MissDissent (missdissent) wrote,
MissDissent
missdissent

Review - Teriyaki Boy



Teriyaki Boy was a bit of a win for me, so much so I have already been back. Thus this review is the amalgamation of two visits. It's a nice, low-key local for those, like myself, who live in the Balmain area. What I like about this restaurant is that it walks the fine line between being quirky enough to make it memorable for fans of all things Japanese, and accessible enough for staunch non-believers.

Decor is pretty non-existent, but I did like the odd use of a repeated white pig-trotter shape on salmon pink as the unifying thematic decor element.



Even I scratched my head at the ‘Bite of the Week Asazuke $0’ chalked on the specials until a complimentary amuse-bouche of lightly pickled cucumber arrived. At our second visit, the board said ‘Bite of the Week Salted Edamame $0’ and these were good too, but I wanted more salt. It's probably safe to then assume they weren't salty enough, as it is rare for me to say more salt, except if I (mistakenly) get unsalted butter - then I whine.



Concepts from other cuisines litter their menu. My favourite dish was the curious volcano-shaped Steamed Prawn Dim Sims ($12/ 3 pieces) - light and fluffy inside, and totally unrelated to any ‘dim sim’ I’ve ever met. These actually drew me back so and I ate them again on the next visit (with a slight spoiler, as you'll see below). Note the yellow smear on the side of the plate - it was a much milder (and in fact very pleasant) wasabi type product.



The Salmon Carpaccio ($12) combines thin, fresh slices of er... salmon sashimi with a home-made dressing, fresh greens and zingy cherry tomatoes. It's really good, and again featured on my order on my second visit. This is a good example of fusion cuisine working very well, probably because they are fusing a concept from one cuisine (Italian) and staying true to the flavours of another (Japanese).



On more traditional turf, the Agedashi Nasu ($9.00) or deep fried eggplant was a good version of the standard dish.



Apologies for my out-of-focus photo of the Yaki Gyoza ($9/4 pieces) - they were good, and quite popular with many plates of them going out into the restaurant (under my eagle eye)!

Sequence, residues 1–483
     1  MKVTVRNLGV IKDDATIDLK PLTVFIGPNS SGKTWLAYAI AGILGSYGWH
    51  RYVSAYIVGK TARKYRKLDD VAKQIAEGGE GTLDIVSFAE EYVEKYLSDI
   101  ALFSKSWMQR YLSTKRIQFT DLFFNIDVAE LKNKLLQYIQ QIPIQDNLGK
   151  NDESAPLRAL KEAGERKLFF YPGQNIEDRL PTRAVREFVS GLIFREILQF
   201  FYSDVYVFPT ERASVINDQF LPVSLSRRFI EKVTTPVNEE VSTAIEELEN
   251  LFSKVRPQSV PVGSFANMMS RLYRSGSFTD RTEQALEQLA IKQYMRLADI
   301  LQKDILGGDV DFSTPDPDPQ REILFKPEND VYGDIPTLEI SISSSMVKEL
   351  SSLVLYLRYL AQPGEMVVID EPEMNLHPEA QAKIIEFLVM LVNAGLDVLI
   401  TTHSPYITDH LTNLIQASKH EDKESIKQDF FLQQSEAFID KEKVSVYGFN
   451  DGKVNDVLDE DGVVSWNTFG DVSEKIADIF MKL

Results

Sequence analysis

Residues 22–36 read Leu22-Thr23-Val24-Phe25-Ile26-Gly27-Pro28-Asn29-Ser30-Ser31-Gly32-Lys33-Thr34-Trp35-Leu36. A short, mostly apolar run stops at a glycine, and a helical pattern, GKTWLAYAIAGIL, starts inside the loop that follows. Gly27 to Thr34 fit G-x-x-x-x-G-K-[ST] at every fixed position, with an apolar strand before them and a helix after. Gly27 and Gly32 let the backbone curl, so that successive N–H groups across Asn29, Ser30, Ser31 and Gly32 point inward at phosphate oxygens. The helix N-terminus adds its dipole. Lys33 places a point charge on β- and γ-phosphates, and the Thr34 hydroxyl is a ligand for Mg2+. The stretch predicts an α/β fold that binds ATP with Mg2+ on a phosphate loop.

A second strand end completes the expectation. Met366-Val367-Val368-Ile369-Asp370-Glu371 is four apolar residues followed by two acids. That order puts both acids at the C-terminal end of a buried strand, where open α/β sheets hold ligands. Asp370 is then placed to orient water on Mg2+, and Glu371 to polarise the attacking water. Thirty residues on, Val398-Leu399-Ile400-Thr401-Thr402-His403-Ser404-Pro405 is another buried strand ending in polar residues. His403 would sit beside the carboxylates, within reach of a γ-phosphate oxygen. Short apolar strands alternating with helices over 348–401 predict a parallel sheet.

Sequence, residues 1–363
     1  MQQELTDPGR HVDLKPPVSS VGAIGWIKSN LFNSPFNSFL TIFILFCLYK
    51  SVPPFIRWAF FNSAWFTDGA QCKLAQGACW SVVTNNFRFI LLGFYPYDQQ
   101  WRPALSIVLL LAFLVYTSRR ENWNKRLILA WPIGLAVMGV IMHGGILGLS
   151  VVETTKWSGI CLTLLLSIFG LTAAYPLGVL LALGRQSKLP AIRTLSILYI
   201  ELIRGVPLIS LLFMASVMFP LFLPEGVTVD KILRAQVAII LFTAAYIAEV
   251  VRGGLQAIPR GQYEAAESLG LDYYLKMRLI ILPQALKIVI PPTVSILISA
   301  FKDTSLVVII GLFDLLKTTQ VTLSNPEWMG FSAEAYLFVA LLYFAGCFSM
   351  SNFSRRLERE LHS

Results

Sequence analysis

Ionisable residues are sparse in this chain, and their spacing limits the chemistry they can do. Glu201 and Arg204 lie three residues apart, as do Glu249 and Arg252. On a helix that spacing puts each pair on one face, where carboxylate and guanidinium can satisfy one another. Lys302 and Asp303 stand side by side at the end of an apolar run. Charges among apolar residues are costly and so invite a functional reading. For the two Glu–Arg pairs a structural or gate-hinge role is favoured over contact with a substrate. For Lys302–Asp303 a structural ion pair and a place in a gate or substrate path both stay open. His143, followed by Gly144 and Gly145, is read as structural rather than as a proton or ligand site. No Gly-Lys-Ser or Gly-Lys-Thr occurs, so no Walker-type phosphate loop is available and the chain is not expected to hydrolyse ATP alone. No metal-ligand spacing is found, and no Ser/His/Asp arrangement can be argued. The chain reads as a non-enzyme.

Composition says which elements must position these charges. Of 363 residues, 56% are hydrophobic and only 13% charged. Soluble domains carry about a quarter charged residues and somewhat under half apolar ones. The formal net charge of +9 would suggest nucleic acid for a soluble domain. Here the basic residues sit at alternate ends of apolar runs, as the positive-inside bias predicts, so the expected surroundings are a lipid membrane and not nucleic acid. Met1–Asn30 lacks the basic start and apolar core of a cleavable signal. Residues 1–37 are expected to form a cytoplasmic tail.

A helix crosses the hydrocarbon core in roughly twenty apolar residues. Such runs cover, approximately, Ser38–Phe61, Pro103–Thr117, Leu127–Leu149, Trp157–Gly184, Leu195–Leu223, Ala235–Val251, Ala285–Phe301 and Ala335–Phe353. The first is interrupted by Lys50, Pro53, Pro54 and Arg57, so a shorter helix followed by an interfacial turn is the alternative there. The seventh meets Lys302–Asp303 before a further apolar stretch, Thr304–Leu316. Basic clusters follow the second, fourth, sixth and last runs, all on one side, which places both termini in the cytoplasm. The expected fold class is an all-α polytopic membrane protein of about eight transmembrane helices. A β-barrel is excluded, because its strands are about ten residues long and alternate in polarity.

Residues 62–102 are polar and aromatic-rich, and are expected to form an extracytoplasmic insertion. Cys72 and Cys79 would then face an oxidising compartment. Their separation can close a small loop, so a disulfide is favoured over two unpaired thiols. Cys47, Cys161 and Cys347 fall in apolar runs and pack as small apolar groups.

The Pork Kakuni ($13) or simmered pork belly in a sweet sauce is rather lovely. The pork pieces are hiding under these crisp squares, accompanied by some greens and some potato cubes. It went perfectly with the lovely yellow wasabi smear too.



A Sushi and Sashimi Platter ($24) came nicely presented and accompanied by a bowl of miso soup, the only disappointment being slightly bland vegetarian rolls.



Those with a traditional ‘Aussie’ palate should enjoy the tender Wafu ($19) or eye fillet presented with an accessible home-style steak sauce. I tried it and found it to be tender, but on my subsequent visit I tried and preferred the Wagyu Beef Ginger ($18), or thinly sliced beef with a ginger sauce served with a nicely dressed selection of greens.



An odd yet delicious dessert of cigar-shaped Red Bean Spring Rolls ($7) pleased me no end, particularly dipped in the green tea powder decorating the plate. It was in some ways similar to the cheesecake spring rolls I miss so much from the long departed Zenbu. And you'd be right if you guessed I had them again on my return visit.



Luckily my second dining companion had slightly different taste and ordered the Deep Fried Banana with Ice-cream ($8) so I got to try something new too. This was a great dessert, which of course could be made more adult in flavour by upping the quality of the chocolate sauce and making some interesting house-made ice-cream, but as it was, it still appealed in a transport you back to childhood sort of way.

Service is hospitable service, and incredibly fast. I'd guess they probably have one too many waitresses on for the size of the space - bad for their profit margins in these tough times, but it means as a consumer, you rarely wait for anything.

On my second visit we had a minor issue with a part of the blender being located in one of our dim sims. A manager came out promptly, explained what the metal part was ("We were looking for that."), apologised and told us the dish would be deducted from our bill as a matter of course. My dining companion also managed to leave his wallet in the restaurant - by the time we got home they had located it, and called us unprompted (he assumed it was at home) and it was returned intact. You can't ask for much more than that from your local.


Teriyaki Boy

481 Darling Street, Balmain
Ph:
(02) 9555 6510

Teriyaki Boy on Urbanspoon
Tags: food
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